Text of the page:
In the spatial planning of the Netherlands it becomes important to consider climate change. The main challenges to be incorporated in spatial strategies are: flood protection, fresh water availability, and reducing the vulnerability of nature, urban areas, and transport and energy networks. A consistent long-term spatial strategy requires coordination between various policy terrains, and coherence in decision making. Especially in developing urban areas, opportunities exist for reducing this vulnerability, for reducing greenhouse gas emissions, and simultaneously improving the living environment. These developments will not take place by themselves.
Spatial planning reduces vulnerability to climate change
Climate change causes multiple effects – also in the Netherlands. The temperature and sea level are rising and patterns of rainfall and river discharges are changing. The rate of climate change itself and its possible impacts are surrounded with substantial uncertainties. Acknowledging the uncertainties, the main challenges to be incorporated in a long-term spatial strategy for the Netherlands are: long-term protection against flooding, securing the availability of fresh water, and reducing the vulnerability of nature, urban areas, and transport and energy networks.
A consistent long-term spatial strategy requires coordination between various policy terrains, and coherence in decisionmaking and policy implementation at national, provincial and municipal levels. The actual policy agenda, in the short term, already provides chances for reducing the vulnerability of the Netherlands to climate change. Especially in restructuring and developing new urban areas, opportunities exist for reducing this vulnerability (adaptation), for reducing greenhouse gas emissions (mitigation), and simultaneously improving the quality of the living environment. Although the expertise and technologies are available, these developments will not take place by themselves.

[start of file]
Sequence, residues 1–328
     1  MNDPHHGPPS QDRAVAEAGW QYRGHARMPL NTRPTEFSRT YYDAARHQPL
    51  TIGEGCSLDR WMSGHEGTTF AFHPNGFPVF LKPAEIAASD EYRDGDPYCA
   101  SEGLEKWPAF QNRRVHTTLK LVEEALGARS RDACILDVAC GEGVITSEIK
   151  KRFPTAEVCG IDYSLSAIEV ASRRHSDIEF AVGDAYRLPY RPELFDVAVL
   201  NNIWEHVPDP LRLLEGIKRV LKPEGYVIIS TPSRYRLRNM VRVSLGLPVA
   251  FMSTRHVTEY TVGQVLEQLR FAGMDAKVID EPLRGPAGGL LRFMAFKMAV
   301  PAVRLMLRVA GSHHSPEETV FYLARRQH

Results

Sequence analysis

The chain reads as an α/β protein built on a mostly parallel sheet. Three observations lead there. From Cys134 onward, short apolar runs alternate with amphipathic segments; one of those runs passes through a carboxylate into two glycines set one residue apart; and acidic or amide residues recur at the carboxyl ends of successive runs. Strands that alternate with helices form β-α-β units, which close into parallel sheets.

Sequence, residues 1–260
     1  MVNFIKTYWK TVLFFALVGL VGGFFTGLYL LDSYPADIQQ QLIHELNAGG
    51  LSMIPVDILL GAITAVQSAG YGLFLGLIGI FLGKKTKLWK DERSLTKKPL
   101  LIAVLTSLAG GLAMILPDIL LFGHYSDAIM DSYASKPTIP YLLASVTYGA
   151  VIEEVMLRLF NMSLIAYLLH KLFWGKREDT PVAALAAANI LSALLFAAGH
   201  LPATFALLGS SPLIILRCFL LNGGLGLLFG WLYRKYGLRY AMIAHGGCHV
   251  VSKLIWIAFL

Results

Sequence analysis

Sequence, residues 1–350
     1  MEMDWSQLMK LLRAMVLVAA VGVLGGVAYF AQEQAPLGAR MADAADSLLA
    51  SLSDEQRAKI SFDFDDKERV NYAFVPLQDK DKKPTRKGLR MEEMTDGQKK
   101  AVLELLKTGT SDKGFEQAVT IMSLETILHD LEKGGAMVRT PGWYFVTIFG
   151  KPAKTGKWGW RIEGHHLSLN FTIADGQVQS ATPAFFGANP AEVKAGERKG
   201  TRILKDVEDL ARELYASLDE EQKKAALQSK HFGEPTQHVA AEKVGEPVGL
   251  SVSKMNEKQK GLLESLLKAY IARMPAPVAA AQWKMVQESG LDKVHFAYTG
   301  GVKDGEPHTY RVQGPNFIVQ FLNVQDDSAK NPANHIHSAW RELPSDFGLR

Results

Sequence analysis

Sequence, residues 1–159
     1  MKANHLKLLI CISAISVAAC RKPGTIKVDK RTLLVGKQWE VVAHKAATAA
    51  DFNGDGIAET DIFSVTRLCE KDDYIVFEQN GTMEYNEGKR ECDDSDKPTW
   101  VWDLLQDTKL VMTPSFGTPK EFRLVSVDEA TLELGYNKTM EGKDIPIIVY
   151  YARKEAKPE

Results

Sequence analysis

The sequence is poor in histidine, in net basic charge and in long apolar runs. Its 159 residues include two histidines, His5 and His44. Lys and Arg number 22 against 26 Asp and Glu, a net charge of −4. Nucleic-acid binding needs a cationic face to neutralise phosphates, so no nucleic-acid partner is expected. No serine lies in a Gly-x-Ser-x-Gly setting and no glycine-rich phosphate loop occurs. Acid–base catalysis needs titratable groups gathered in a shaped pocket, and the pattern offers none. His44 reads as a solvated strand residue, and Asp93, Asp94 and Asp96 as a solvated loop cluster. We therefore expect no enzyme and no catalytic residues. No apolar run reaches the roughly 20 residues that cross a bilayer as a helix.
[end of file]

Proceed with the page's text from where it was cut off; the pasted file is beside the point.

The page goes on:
The report includes two corrections on an earlier version. These are i) correction of the size of the Dutch area below sea level and that of the area sensitive to flooding (page 11, first paragraph); ii) figures in Table 1 (page 14) on climate change in the Netherlands have been made consistent with other PBL publications and a new reference has been added (Klein Tank and Lenderink, 2009). For the correction on the area below sea level and that sensitive to flooding, see: